A mystery about a disease that can destroy up to 15 percent of a cotton crop in the southeastern United States has been solved by Agricultural Research Service (ARS) researchers. The work could save cotton crops and prevent unnecessary insecticide spraying.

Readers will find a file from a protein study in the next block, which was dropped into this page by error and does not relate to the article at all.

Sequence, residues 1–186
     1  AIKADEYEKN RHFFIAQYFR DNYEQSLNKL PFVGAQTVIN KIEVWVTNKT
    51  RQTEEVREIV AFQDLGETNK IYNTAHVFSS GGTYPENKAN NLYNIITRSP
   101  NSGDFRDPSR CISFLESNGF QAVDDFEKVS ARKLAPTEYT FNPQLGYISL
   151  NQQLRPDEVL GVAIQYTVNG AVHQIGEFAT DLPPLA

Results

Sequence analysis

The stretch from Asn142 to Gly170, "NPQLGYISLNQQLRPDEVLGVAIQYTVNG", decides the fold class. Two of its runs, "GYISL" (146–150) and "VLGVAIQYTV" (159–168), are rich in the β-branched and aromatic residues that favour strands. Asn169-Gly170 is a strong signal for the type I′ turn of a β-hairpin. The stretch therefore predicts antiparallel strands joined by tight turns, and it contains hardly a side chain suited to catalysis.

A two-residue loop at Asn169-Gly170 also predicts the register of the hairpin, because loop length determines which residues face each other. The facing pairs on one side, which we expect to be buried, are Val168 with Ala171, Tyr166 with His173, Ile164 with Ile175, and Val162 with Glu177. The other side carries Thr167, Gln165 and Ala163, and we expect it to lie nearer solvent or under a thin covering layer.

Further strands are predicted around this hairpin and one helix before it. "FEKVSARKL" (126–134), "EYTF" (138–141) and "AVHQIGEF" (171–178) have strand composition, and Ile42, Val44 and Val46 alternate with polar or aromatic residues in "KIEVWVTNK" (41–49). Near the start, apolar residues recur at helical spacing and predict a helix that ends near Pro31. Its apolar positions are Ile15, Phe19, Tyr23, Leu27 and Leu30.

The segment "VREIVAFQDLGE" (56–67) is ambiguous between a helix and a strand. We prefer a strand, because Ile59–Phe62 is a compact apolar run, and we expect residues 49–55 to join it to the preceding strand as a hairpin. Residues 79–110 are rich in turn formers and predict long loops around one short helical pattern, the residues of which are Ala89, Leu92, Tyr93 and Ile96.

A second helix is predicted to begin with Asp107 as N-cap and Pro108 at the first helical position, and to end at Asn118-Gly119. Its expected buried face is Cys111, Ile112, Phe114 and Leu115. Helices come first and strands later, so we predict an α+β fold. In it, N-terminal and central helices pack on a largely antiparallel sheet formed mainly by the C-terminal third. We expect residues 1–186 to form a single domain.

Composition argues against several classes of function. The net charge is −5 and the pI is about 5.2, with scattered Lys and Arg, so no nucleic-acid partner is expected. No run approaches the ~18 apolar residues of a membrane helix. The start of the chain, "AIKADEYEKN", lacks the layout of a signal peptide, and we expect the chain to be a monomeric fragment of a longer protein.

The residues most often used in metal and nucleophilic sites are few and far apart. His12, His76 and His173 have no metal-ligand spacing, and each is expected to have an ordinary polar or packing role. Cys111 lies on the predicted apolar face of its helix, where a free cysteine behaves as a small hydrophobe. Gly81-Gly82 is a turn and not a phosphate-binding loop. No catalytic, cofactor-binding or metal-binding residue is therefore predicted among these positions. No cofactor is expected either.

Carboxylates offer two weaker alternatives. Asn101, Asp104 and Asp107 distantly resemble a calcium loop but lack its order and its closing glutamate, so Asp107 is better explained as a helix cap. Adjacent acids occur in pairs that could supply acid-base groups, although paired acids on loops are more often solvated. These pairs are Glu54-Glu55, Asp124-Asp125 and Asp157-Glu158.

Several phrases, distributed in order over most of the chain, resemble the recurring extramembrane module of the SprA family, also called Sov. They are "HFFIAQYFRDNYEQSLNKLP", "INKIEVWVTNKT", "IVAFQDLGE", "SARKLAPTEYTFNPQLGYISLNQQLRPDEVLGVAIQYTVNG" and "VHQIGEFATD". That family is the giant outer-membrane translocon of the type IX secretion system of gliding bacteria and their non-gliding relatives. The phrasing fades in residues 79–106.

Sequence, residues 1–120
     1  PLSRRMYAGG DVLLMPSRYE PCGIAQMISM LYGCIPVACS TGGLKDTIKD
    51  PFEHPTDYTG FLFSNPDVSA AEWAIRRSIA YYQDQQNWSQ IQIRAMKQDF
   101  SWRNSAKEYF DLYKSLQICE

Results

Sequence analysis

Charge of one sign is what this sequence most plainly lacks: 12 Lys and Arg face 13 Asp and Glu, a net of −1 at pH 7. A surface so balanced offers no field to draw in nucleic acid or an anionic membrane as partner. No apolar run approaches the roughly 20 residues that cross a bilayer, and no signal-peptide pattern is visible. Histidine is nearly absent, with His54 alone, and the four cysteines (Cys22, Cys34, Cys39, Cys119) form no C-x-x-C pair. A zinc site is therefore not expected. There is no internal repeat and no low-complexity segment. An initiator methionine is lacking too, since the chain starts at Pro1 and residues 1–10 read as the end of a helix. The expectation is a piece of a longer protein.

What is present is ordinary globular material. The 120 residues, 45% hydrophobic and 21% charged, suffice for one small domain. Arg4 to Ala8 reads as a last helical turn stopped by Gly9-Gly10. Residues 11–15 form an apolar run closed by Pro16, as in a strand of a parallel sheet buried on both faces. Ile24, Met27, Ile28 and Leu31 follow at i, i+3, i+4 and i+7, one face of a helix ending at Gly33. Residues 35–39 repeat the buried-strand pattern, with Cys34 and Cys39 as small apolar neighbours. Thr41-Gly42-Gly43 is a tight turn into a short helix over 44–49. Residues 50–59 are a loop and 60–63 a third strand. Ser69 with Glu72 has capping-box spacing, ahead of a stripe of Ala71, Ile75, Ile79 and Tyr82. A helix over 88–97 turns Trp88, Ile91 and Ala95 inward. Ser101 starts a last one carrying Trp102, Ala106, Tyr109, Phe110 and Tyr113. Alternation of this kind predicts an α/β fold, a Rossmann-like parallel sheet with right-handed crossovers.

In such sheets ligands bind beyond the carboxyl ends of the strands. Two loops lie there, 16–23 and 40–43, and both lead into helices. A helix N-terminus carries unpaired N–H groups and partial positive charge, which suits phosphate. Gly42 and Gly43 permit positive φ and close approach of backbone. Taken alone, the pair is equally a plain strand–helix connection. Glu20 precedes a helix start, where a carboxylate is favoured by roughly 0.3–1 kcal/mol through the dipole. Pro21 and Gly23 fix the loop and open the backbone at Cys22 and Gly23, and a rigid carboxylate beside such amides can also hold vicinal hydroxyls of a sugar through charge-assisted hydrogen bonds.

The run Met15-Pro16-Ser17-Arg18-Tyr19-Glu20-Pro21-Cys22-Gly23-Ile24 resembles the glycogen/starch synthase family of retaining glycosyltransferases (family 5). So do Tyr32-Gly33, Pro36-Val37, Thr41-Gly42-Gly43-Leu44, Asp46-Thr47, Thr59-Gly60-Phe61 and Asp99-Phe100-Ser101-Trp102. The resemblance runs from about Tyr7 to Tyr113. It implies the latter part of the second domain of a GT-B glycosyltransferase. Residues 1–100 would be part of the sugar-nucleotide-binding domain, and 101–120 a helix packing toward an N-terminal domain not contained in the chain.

In 1999, scientists reported an emerging seed rot disease that was discoloring seeds and darkening fibers in cotton bolls in the southeastern states, making the crops unmarketable. It quickly spread throughout the southeastern Cotton Belt.



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